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Biodegradation of PAHs and PCBs in Soils and Sludges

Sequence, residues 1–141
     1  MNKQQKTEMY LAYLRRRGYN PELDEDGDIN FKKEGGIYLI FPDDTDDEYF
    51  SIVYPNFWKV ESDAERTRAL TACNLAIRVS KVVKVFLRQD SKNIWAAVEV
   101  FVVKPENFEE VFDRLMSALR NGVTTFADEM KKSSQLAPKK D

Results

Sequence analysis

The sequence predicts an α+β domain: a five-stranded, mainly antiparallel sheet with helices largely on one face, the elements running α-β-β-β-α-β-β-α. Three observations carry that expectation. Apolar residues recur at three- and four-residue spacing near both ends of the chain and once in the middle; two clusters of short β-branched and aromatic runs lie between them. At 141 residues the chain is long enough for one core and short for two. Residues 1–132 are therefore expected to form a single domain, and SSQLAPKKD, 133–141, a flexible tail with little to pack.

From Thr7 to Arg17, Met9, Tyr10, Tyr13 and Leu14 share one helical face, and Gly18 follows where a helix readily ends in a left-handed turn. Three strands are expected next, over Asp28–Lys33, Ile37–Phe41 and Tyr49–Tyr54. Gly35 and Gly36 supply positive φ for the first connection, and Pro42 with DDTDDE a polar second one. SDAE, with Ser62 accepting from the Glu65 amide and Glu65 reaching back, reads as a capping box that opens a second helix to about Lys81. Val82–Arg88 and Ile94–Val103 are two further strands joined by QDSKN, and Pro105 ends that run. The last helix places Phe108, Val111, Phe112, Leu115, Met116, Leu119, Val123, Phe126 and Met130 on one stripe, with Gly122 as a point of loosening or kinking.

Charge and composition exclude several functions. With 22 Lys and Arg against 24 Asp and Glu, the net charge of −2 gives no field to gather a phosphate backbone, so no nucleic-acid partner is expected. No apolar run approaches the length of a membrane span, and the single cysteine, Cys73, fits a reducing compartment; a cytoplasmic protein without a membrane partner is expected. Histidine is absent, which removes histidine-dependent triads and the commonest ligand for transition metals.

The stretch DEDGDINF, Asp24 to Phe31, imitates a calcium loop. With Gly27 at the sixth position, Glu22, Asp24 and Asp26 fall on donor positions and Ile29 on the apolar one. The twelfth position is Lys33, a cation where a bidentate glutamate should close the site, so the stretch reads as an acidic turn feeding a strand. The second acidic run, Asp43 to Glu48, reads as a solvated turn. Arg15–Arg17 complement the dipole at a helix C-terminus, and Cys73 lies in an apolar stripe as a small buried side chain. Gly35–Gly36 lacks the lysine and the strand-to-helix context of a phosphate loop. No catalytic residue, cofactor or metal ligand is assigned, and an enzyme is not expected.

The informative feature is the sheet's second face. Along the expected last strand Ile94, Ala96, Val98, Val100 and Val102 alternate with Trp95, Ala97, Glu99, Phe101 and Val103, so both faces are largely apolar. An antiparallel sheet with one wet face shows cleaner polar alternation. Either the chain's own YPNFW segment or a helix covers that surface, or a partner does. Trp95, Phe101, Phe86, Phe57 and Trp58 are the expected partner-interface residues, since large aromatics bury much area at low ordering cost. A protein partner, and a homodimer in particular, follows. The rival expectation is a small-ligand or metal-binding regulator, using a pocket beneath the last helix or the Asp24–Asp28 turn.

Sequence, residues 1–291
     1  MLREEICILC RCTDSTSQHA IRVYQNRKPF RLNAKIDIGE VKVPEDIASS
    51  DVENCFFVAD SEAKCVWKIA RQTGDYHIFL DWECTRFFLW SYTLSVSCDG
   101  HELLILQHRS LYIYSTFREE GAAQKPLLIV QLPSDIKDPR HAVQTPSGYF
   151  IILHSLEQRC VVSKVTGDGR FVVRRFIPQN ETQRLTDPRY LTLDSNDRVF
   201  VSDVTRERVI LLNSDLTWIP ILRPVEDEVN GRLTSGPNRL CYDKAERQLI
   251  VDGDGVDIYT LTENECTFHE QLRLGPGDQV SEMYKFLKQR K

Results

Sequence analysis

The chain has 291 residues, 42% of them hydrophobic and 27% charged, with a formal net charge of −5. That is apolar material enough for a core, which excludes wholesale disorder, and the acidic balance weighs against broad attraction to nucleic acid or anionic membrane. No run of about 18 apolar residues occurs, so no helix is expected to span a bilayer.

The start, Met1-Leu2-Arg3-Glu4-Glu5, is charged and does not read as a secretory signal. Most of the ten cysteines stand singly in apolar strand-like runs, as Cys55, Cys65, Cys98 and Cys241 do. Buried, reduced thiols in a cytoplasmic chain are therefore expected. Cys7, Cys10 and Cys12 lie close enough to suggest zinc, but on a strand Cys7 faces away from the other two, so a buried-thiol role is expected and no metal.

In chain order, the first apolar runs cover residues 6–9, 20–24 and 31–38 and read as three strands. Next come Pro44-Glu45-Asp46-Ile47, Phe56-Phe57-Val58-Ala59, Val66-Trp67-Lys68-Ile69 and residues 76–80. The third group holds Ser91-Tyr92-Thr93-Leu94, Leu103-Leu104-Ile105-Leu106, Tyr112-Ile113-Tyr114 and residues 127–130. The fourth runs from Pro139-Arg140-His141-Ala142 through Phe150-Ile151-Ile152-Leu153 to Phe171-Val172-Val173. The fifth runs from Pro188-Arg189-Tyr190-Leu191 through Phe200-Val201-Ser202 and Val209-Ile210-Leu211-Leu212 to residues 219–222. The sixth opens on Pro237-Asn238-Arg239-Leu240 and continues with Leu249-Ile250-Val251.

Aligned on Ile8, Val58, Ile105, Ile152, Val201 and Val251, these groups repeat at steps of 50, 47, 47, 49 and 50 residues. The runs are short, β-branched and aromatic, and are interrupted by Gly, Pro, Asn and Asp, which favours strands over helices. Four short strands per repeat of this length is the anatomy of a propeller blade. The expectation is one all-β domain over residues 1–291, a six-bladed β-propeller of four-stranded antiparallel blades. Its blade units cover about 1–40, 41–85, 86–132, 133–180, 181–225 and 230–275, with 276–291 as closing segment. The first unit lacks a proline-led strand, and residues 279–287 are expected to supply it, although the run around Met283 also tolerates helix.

Biodegradation of PAHs and PCBs in Soils and Sludges Results from a multi-year, pilot-scale land treatment project for PAHs and PCBs biodegradation were evaluated. A mathematical model, capable of describing sorption, sequestration, and biodegradation in soil/water systems, is applied to interpret the efficacy of a sequential active–passive biotreatment process of organic chemicals on remediation sites. To account for the recalcitrance of PAHs and PCBs in soils and sludges during long-term biotreatment, this model comprises a kinetic equation for organic chemical intraparticle sequestration process. Model responses were verified by comparison to measurements of biodegradation of PAHs and PCBs in land treatment units; a favorable match was found between them. Model simulations were performed to predict on-going biodegradation behavior of PAHs and PCBs in land treatment units. Simulation results indicate that complete biostabilization will be achieved when the concentration of reversibly sorbed chemical ( S RA ) reduces to undetectable levels, with a certain amount of irreversibly sequestrated residual chemical ( S IA ) remaining within the soil particle solid phase. The residual fraction ( S IA ) tends to lose its original chemical and biological activity, and hence, is much less available, toxic, and mobile than the “free” compounds. Therefore, little or no PAHs and PCBs will leach from the treatment site and constitutes no threat to human health or the environment. Biotreatment of PAHs and PCBs can be terminated accordingly. Results from the pilot-scale testing data and model calculations also suggest that a significant fraction (10–30%) of high-molecular-weight PAHs and PCBs could be sequestrated and become unavailable for biodegradation. Bioavailability (large K d , i.e., slow desorption rate) is the key factor limiting the PAHs degradation. However, both bioavailability and bioactivity ( K in Monod kinetics, i.e., number of microbes, nutrients, and electron acceptor, etc.) regulate PCBs biodegradation. The sequential active–passive biotreatment can be a cost-effective approach for remediation of highly hydrophobic organic contaminants. The mathematical model proposed here would be useful in the design and operation of such organic chemical biodegradation processes on remediation sites. http://www.deepdyve.com/assets/images/DeepDyve-Logo-lg.png Water, Air, Soil Pollution Springer Journals
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